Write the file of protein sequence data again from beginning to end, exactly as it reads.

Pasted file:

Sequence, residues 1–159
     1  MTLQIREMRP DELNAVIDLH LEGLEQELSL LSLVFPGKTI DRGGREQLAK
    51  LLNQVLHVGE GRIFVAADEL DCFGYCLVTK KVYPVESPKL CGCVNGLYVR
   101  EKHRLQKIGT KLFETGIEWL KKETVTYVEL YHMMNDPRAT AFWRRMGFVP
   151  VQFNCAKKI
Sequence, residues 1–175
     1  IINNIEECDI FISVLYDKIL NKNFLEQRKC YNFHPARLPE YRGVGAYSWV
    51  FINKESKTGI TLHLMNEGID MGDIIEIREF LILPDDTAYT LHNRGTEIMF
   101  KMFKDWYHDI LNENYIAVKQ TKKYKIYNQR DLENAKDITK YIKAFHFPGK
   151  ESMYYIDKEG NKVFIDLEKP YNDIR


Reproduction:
Sequence, residues 1–159
     1  MTLQIREMRP DELNAVIDLH LEGLEQELSL LSLVFPGKTI DRGGREQLAK
    51  LLNQVLHVGE GRIFVAADEL DCFGYCLVTK KVYPVESPKL CGCVNGLYVR
   101  EKHRLQKIGT KLFETGIEWL KKETVTYVEL YHMMNDPRAT AFWRRMGFVP
   151  VQFNCAKKI
Sequence, residues 1–175
     1  IINNIEECDI FISVLYDKIL NKNFLEQRKC YNFHPARLPE YRGVGAYSWV
    51  FINKESKTGI TLHLMNEGID MGDIIEIREF LILPDDTAYT LHNRGTEIMF
   101  KMFKDWYHDI LNENYIAVKQ TKKYKIYNQR DLENAKDITK YIKAFHFPGK
   151  ESMYYIDKEG NKVFIDLEKP YNDIR